BERLIN (AFP) — Germany’s parliament on Friday removed a Nazi-era law that limits the information doctors and clinics can provide about abortion.
One of the most controversial sections of the penal code, Paragraph 219a, prohibits the “promotion” of abortion, a crime punishable by “up to two years of imprisonment or a fine.”
The decision to finally consign the law to history came almost nine decades after its adoption in 1933, shortly after Adolf Hitler had taken power.
“It is high time,” Justice Minister Marco Buschmann told parliament.
It is “absurd” and “no longer in step with the times” that doctors are not allowed to provide complete information on abortion while “every troll and conspiracy theorist” is free to spout views about terminating pregnancies, Buschmann said.
The Bundestag decision came just hours before the US Supreme Court struck down the constitutional right to abortion in the country.
Germany’s ruling coalition, comprising Buschmann’s Free Democrats, the Social Democrats and the Greens, had made a pledge to remove the law when they signed up to govern together.
The opposition Christian Democratic Union (CDU) and the far-right AfD voted against scrapping the law.
Elisabeth Winkelmeier-Becker of the CDU argued that while a woman may face difficulties because of an unwanted pregnancy, “we are also thinking of the child’s right to live.” She pointed this out as the “key difference” between the ruling coalition and her party.
Despite dating back to the darkest chapter in German history, the law was applied until recently. Courts handed out penalties to doctors for offering information on the internet about pregnancy terminations.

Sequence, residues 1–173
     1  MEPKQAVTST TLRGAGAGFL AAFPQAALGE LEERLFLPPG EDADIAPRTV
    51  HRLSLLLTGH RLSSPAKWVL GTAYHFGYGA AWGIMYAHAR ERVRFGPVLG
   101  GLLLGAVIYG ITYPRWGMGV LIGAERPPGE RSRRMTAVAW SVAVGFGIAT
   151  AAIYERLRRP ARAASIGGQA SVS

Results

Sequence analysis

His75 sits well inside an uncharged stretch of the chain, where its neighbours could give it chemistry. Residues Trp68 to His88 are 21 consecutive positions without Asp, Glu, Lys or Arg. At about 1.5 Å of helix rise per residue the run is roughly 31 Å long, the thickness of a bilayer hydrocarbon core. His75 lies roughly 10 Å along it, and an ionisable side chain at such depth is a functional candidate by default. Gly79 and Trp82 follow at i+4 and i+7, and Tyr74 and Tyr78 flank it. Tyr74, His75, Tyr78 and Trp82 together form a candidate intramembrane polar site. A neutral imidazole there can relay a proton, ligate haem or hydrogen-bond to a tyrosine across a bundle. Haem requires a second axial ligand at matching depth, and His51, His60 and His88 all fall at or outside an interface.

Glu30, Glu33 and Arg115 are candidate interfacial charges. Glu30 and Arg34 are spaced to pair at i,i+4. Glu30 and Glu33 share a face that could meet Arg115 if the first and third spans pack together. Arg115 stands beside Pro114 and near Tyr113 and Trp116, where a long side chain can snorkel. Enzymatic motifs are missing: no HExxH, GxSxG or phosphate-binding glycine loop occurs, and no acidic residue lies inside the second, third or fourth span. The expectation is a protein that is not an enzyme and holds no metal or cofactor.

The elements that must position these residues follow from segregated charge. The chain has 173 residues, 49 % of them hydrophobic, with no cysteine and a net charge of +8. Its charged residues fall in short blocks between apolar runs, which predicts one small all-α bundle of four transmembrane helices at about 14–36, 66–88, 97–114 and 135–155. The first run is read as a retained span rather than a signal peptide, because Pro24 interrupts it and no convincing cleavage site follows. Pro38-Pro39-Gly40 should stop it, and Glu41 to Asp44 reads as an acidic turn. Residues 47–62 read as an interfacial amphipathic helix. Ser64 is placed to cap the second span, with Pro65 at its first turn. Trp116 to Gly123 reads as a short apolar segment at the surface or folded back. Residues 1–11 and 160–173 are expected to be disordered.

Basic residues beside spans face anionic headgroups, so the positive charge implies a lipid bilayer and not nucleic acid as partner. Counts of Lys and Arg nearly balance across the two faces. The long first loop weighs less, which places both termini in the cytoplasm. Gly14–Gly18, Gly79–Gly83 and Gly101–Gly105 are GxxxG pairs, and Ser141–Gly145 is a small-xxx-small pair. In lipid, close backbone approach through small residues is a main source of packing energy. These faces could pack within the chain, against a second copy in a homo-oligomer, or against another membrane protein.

In some cases, the sites offered a simple statement that the gynecologists carried out abortions, with no further details.
Among the doctors prosecuted in recent years is Kristina Haenel, a general practitioner from Giessen in western Germany, who became the face of the campaign to ditch the law after being fined 6,000 euros ($6,550).
Her legal battle sparked a media storm and turned a spotlight on the law.
Welcoming the decision, Haenel wrote on Twitter that it was “a great feeling: 219a becomes history.”
“We can at last fully meet our professional obligation to inform thoroughly. Those affected can finally find factual and serious information on the internet.”
In June 2019, two gynecologists in Berlin, Bettina Gaber and Verena Weyer, were handed fines of 2,000 euros ($2,100) each for the same offense.
Anti-abortion militants, who organize themselves online, are behind most of the legal complaints made against doctors. One activist was recently convicted for comparing abortion to the Holocaust.
Under pressure from such campaigners, many medical practitioners have removed all relevant information from their websites and have declined to be included in family planning lists shared with women looking to end their pregnancies.
With Paragraph 219a now out of the way, some campaigners are now turning their eye to another related law — Paragraph 218 — which outlaws abortions unless they are carried out within the first 12 weeks of pregnancy and only under certain circumstances.
Women wishing to have an abortion must have an obligatory consultation at an approved center.
The aim of this discussion is to “encourage the woman to continue her pregnancy,” even if in the end the choice is up to her.
After the consultation, patients must wait for three days — a “reflection period” — before making a decision.
Around 100,000 abortions are carried out in Germany annually, although the number has dropped in recent years.
The subject is still taboo in Germany, according to a number of gynecologists, and can feel like an obstacle course for patients, particularly in traditionally Catholic Bavaria.
In large parts of the vast southern state, no hospitals offer the procedure. Many people opt to cross the border to Austria instead.
Heidi Reichinnek of the far-left Linke party said Paragraph 218 remained a “fundamental problem” and must be struck off the statute book.
For now, Buschmann said both pieces of law should be treated distinctly. But Minister for Women Lisa Paus said it was important to “talk about 218.”